We’ll tackle the position most likely to make in impact right away in this NFL draft review.
I’ve already written about quarterbacks and running backs, and now my attention turns to the pass catchers. If the way the draft unfolded for running backs wasn’t a huge indicator of the league being pass happy, the number of pass catchers selected hammers that point home. According to NFL.com’s draft recap by position (meaning I’m not discussing players that I believe could be changing positions, just those that were explicitly drafted as wide receivers or tight ends), there were 33 wide receivers selected and 10 tight ends picked. Because there were so many pass catchers selected, I’m breaking things down into two parts to give the wide receiver and tight end positions the full coverage they deserve. Part One’s focus will be on the five wide receivers drafted on day one while the forthcoming Part Two will turn its attention to the rest of the wide receivers picked as well as the tight ends.
The first wide receiver selected in the draft came with little surprise. Sammy Watkins was considered the top wide receiver in the class by every reputable outlet, but the fact that the Bills were willing to deal their first round pick this season (ninth overall), as well as their first rounder and fourth rounder next year to the Browns to move up to pick fourth turned some heads. The steep price they paid to move up speaks volumes about what the Bills’ front office and scouting personnel thought about the player general manager Doug Whaley stated was atop their draft board. Watkins has good size, 6-foot-1 and 211 pounds, good speed, and was a very productive player at Clemson. He’ll step onto the Bills and be the most talented wideout, but he won’t necessarily be the top fantasy wide receiver.
The learning curve of moving up from the amateur ranks to the professional ranks is steep for wide receivers, and making a splash in year one is difficult. Take a look at this article written last August that looked at the top 20 rookie seasons for wide receivers and tight ends since 1992 (does not include the 2013 rookie class since the season had yet to be played). Only seven players on the table eclipsed 1,000 yards receiving, and only two reached double digits in touchdown receptions. Keenan Allen was the top rookie wide receiver last year and he ranked tied for 35th in receptions with 71, 22nd in receiving yards with 1,046, and tied for 16th in receiving touchdowns with eight. That’s a hell of a season, no doubt, but Allen was in an offense that passed more than the Bills, and he was paired with a much better quarterback, as Phillip Rivers was airing the ball out to him. The Bills also spent a high pick on a wide receiver last year, using a second round selection on Robert Woods. Woods finished last season with 40 receptions for 587 yards receiving and three touchdown receptions in 14 games played. I believe Watkins will exceed Woods’ rookie season totals, but I also think he will be the second most productive wide receiver on the Bills this year behind Woods. I’d caution against spending too high a pick in a re-draft yearly league on Watkins, or any rookie wide receiver for that matter. As he gets acclimated to the NFL later in the season he could be a very valuable player in daily games down the stretch.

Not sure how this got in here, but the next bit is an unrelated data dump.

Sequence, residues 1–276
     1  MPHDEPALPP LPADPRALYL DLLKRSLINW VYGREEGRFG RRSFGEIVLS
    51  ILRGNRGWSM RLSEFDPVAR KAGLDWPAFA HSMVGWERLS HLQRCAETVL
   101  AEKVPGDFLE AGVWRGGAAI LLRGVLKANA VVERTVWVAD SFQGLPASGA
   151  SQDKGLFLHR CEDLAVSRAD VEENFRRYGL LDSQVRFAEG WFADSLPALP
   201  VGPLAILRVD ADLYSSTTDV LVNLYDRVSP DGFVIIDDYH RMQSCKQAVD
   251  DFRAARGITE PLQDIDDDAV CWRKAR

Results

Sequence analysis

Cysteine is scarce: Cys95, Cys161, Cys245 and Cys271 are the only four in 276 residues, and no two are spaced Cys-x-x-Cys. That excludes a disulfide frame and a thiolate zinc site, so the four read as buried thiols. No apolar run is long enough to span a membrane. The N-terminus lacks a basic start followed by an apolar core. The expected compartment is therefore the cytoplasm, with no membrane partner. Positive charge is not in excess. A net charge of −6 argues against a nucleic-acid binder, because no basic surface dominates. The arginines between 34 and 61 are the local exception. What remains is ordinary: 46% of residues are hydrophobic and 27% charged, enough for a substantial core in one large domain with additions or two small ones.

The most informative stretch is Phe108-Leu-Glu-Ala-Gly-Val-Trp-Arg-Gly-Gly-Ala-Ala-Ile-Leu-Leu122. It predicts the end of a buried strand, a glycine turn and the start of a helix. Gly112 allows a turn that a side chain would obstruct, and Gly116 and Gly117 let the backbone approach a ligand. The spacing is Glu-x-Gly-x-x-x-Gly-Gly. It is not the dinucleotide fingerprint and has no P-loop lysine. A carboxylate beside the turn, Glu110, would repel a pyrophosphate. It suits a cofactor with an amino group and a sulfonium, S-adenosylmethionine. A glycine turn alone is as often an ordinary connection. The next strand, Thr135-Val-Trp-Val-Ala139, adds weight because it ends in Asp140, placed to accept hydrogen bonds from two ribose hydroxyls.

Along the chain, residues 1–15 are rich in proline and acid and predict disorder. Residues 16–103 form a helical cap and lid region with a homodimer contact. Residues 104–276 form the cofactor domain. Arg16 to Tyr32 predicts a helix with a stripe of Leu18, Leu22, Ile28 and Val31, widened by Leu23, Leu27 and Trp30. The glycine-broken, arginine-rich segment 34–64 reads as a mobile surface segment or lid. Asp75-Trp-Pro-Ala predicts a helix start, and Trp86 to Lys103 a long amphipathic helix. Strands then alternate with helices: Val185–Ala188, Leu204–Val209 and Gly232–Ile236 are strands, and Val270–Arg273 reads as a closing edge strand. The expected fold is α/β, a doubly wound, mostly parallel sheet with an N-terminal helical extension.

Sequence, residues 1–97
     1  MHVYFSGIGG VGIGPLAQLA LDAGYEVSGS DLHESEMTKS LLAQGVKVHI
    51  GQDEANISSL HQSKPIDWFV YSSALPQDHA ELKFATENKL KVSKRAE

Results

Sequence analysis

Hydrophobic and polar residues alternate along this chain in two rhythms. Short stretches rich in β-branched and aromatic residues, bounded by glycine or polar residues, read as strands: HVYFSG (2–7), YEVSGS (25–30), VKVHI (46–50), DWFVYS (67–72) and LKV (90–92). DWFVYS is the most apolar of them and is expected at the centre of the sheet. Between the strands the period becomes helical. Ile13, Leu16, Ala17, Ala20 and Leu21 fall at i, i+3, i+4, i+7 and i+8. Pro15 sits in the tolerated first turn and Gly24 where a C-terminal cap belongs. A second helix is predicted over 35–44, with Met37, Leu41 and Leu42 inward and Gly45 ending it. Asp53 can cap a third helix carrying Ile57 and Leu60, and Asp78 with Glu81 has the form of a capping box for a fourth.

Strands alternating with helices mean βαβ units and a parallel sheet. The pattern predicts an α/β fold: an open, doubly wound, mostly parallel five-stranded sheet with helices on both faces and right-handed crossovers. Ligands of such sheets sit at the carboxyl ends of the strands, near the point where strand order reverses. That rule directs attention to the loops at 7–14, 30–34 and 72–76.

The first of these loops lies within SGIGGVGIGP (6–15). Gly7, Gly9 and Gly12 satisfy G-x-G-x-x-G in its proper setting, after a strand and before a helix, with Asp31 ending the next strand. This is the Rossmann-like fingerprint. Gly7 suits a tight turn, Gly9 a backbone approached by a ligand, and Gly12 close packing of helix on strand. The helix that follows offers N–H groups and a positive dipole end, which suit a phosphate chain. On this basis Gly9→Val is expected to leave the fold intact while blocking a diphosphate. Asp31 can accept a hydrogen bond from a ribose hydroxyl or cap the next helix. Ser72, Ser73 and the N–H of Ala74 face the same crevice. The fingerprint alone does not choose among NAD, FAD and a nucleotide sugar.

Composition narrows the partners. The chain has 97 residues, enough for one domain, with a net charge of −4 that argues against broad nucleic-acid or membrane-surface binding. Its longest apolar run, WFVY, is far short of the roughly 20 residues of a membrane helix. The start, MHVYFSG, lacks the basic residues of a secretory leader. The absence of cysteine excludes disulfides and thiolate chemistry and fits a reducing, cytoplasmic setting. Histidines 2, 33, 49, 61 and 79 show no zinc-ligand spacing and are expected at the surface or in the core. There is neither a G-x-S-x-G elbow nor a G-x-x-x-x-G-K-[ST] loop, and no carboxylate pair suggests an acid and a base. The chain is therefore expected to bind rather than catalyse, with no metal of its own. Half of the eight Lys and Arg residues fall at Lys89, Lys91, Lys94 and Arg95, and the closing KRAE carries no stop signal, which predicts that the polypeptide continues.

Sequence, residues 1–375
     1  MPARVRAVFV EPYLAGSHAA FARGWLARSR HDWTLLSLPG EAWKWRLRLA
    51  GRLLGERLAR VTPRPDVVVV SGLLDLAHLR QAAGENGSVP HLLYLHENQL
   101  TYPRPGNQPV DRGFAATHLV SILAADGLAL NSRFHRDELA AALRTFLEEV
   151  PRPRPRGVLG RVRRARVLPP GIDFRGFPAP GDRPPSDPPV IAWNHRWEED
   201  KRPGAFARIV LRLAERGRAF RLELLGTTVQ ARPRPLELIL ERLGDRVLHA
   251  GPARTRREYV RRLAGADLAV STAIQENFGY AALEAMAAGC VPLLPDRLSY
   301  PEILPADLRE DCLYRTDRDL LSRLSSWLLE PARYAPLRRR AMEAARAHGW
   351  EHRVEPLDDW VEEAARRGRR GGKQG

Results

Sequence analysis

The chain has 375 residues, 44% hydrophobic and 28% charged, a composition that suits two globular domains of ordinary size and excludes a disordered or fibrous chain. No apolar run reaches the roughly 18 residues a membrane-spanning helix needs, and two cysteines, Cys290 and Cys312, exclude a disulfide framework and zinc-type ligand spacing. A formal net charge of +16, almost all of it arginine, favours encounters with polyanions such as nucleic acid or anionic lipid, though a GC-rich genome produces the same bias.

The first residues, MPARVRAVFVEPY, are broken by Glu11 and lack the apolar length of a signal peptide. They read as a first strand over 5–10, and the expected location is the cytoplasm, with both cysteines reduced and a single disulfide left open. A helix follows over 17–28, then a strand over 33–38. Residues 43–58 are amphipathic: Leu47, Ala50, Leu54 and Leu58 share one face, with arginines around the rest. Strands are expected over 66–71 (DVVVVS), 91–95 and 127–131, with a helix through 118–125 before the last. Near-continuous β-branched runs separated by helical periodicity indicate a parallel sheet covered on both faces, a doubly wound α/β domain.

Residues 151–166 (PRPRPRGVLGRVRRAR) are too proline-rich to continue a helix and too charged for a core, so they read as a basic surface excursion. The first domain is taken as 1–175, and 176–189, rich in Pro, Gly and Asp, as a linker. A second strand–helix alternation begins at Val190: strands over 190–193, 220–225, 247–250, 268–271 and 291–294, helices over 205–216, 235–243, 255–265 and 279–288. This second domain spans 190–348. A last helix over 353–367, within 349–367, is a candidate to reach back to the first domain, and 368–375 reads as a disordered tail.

The second receiver selected is the man I expect to be the best rookie fantasy wide receiver this year, and that’s Mike Evans. The Buccaneers landed the Texas A&M product with the seventh pick in the first round. He’s huge, standing 6-foot-5 and weighing 231 pounds. That size will make him a matchup nightmare in the red zone. Playing opposite another huge wide receiver, Vincent Jackson, will prevent teams from turning too much attention to the rookie wideout. Evans is a much less polished route runner than Watkins, and he’ll have to learn more about the nuances of the position after coming out of a free wheeling offense. His touchdown potential is undeniable though.